You make better electricity buying decisions when you’re better informed. So here’s a quick run-through of the factors that influence the wholesale price of power – what they are, how they work and what to look for.
You see, the wholesale price of power is one of the largest components of your overall energy cost. But it changes all the time. So let’s look at what the drivers of the power price are by answering four basic questions.
What influences the wholesale price of energy?
Supply and demand impact the price, with both having to be balanced every half hour by the National Grid. Put simply: there’ll be more demand for energy in late afternoon than the middle of the night; and more demand in winter than in summer. And like anything, a higher demand means a higher price.
But of course, there’s more to it than that.
Lots of other factors impact the price of power, too. Like the price of gas, oil, carbon and coal. Then there’s the weather, currency movements, political events, even shipping prices! All of these interconnected changes affect the power price. It’s helpful to note that you can track the wholesale price of energy on our Market Insight portal.
Here’s just one example of how interconnected prices affect our power price. Oil prices affect gas prices because many gas contracts are indexed to the price of oil. So, as gas is one of the main sources we generate our power from in the UK, an increase in the oil price has a knock-on effect on the power price.
So, where do we generate our power from in the UK?
In the UK, we generate our power from a range of sources.
The country’s energy mix comes from reliable nuclear, some renewables (that’s wind and solar), some imported supply, and then gas and coal.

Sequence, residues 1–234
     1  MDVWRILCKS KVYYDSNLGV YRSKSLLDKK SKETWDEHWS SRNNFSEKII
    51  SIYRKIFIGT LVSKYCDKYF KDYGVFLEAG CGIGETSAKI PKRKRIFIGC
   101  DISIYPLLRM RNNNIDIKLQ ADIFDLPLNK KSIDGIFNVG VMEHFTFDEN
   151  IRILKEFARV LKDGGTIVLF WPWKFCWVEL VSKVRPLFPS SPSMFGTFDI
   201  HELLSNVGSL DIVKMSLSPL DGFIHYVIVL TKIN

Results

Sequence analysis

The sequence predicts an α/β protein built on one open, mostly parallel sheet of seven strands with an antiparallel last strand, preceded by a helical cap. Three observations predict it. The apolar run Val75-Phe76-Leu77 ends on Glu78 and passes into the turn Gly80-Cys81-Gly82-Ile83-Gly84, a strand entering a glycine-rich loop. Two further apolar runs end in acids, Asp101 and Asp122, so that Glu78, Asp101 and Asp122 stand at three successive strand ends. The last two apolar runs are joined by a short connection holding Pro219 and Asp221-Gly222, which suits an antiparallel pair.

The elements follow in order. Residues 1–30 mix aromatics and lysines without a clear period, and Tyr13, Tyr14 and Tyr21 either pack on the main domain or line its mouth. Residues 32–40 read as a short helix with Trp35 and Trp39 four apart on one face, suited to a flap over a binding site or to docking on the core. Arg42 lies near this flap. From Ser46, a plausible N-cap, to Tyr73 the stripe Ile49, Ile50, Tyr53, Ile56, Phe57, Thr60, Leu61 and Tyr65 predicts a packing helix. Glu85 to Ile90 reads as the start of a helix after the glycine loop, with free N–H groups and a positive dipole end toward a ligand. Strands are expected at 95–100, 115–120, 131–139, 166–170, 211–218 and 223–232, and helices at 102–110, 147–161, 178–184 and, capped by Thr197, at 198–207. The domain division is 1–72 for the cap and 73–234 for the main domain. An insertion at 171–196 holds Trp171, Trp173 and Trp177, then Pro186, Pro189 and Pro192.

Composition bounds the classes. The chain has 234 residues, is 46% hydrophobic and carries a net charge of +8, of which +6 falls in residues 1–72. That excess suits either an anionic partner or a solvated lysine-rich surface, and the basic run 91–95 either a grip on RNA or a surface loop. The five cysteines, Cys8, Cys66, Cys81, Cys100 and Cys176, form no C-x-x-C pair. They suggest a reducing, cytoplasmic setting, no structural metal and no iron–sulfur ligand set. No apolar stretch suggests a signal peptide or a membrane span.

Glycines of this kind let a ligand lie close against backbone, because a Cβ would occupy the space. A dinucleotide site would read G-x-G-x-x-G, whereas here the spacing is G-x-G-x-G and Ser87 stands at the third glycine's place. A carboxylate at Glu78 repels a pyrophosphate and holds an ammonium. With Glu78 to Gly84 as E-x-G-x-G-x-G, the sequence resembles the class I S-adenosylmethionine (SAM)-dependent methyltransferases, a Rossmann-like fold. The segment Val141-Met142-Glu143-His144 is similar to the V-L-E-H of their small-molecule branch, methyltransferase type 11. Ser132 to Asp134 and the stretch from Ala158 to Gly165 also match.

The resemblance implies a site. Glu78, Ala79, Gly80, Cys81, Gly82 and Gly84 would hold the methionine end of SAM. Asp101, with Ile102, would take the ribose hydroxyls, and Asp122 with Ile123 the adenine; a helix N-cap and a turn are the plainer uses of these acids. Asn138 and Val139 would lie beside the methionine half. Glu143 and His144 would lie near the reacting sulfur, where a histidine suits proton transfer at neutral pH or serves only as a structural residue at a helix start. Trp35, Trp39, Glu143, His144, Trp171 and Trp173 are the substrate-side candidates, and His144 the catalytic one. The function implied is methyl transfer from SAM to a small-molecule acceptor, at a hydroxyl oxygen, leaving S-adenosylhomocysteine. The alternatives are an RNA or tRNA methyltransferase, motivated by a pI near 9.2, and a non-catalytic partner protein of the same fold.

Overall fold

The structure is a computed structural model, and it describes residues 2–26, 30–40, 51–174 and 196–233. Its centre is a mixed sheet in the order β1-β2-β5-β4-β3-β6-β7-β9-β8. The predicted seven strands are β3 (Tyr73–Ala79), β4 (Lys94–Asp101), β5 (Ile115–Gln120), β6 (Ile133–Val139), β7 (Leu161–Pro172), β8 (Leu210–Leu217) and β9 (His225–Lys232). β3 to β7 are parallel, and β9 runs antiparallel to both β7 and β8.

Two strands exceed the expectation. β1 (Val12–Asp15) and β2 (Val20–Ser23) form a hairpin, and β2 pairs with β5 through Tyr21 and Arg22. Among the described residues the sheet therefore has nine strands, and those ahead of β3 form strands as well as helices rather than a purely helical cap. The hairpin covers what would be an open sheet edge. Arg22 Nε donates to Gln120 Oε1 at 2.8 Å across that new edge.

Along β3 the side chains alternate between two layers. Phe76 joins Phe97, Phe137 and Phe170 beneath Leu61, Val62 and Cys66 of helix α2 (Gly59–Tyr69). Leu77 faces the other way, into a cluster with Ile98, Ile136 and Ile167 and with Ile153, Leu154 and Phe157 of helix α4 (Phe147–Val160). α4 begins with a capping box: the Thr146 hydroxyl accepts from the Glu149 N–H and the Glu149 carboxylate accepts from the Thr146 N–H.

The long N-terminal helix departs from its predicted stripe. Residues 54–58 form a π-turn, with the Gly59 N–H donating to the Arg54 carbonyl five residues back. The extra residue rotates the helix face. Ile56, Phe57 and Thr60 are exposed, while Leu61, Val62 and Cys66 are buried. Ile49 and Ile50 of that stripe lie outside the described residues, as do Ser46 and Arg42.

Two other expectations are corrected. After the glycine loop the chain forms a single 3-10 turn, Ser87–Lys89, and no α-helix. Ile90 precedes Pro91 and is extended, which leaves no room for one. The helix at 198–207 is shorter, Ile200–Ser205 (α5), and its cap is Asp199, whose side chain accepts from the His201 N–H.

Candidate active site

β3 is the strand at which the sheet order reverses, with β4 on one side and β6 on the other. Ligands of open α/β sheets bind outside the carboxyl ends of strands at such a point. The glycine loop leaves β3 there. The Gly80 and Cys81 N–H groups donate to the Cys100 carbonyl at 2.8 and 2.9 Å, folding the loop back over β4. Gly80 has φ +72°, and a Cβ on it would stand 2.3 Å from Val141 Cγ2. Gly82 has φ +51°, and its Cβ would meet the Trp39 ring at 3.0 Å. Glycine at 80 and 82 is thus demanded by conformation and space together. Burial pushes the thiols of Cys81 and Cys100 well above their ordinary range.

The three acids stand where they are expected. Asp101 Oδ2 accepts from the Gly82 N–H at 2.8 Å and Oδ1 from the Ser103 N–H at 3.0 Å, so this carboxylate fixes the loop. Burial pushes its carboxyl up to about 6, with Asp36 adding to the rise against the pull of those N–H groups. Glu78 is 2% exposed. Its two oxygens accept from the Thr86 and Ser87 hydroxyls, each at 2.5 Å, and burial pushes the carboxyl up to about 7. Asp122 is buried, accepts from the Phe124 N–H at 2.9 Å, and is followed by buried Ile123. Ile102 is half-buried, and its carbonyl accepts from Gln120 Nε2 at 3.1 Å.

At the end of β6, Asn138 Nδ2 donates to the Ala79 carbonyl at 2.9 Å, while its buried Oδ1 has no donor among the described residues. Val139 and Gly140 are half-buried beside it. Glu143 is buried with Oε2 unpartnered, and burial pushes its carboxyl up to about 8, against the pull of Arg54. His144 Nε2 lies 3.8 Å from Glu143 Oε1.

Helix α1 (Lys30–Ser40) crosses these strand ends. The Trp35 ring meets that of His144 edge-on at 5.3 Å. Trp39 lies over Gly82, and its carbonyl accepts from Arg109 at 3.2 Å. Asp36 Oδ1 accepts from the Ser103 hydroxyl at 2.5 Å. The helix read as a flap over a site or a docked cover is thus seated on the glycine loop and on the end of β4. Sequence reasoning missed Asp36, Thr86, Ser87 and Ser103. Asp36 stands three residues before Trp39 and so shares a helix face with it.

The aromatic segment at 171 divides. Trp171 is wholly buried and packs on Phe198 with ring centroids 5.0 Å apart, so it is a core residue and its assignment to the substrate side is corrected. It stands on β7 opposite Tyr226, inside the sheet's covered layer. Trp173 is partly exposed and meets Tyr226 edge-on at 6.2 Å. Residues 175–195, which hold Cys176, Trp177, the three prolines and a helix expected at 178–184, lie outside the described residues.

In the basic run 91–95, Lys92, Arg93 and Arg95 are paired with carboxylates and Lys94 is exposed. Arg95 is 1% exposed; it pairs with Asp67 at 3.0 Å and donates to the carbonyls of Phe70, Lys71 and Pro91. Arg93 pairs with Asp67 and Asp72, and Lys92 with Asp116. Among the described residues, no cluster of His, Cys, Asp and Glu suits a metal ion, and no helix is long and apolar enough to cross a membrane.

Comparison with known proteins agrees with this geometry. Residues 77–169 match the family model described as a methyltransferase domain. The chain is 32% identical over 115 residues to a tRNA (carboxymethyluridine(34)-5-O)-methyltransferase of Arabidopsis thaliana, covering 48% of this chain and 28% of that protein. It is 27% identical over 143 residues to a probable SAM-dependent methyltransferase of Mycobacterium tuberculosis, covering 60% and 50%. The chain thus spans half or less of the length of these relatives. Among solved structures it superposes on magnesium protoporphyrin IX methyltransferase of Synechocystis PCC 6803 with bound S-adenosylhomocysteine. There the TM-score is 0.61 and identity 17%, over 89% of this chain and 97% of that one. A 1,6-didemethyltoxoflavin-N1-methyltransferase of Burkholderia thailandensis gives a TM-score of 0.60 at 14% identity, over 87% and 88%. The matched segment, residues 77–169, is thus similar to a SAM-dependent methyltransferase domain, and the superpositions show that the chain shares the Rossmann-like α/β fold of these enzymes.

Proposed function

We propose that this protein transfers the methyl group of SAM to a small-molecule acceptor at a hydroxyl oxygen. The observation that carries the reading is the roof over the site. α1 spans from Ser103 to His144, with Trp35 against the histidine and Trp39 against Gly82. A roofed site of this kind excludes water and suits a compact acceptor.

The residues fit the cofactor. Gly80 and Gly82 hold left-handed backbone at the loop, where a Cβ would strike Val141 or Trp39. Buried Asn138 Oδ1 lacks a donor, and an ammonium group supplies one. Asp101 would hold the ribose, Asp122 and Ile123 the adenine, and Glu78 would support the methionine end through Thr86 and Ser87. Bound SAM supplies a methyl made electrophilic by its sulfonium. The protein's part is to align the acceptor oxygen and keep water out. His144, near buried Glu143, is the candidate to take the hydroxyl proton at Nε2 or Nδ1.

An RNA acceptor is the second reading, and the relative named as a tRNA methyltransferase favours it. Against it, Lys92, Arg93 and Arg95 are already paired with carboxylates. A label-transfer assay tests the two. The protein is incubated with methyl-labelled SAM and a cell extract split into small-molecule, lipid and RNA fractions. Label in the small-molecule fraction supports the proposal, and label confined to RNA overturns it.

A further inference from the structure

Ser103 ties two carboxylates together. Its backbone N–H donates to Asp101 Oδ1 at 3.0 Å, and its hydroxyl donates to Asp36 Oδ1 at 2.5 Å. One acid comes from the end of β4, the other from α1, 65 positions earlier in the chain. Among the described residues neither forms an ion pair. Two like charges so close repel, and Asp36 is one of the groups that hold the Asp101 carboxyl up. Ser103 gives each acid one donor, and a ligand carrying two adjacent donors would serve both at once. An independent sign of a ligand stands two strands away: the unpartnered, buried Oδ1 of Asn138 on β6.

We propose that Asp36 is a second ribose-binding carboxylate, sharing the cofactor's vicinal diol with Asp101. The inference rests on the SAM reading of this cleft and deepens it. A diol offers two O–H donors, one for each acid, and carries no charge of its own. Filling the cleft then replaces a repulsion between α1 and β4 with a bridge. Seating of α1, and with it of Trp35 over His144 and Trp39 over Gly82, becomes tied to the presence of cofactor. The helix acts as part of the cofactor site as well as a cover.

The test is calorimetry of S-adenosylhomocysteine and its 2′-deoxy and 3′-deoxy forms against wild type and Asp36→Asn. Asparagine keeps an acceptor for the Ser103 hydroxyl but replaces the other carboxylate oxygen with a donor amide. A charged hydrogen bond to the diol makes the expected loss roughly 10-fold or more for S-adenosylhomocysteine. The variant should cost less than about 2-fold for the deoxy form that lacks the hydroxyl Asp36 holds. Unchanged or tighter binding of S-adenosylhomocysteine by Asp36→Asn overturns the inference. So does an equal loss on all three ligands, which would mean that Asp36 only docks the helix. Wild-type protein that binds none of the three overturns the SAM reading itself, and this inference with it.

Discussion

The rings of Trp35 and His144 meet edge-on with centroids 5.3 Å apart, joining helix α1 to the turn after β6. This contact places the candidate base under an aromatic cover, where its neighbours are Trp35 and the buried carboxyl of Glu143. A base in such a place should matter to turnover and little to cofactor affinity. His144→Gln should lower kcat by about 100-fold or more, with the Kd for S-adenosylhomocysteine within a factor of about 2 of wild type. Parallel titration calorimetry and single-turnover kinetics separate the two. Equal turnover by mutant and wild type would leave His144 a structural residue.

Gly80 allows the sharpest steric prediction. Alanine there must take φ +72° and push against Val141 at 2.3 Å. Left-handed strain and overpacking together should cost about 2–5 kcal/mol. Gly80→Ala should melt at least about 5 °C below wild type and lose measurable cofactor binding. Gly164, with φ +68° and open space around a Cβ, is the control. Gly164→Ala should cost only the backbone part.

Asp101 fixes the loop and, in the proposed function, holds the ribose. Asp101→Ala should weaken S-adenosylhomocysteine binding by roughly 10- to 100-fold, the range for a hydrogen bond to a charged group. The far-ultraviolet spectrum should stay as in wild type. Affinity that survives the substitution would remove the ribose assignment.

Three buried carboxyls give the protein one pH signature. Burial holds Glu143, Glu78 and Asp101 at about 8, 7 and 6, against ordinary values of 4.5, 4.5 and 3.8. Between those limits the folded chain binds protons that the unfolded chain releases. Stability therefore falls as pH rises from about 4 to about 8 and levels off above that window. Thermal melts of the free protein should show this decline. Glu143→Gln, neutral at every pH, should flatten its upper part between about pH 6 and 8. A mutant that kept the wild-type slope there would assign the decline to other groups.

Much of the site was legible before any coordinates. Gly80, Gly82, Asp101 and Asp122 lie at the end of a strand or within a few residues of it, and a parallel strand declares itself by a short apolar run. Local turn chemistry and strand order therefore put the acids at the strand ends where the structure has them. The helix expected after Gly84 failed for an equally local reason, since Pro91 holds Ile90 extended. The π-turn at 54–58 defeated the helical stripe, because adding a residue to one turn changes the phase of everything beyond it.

In fact, as you can see in the chart, during winter 2017, around 40% of the power we used in the UK was from gas.
Gas is also important because it can help us flex supply to meet demand. By this, I mean that on days when there’s little sun or wind, so less renewable energy, we can ramp up the amount of energy made from gas – and coal – to help boost supply and stabilise the power price.
What sets the price of power?
The price you pay for your power is set by the marginal generation unit. By this we mean whatever type of power, from whatever source, met the peak demand. For example, the type of power may have been coal, which is more expensive, or gas, which is cheaper.
Looking at the UK’s energy mix again, you can see that, most of the time, it’s going to be gas that’s the price setter. That’s why power prices follow the gas market so closely. But it’s also important to see the amount of energy we get from other sources can shift - and change the generation unit that meets peak demand on any given day.
For example, a surge in demand or a drop in wind generation can cause a shift at the last minute from cheaper gas-fired generation to more expensive coal. And so it’ll be coal-fired generation that sets the price.
What factors can influence the cost of generating our energy?
Okay. There are two parts to the cost of generating our energy from coal and gas.
Firstly, there’s the cost of the fuel to generate the power. As we mentioned, this is impacted by internal factors – like supply and demand in the UK and global markets; as well as external factors – like the weather, commodity prices, currency values, and politics.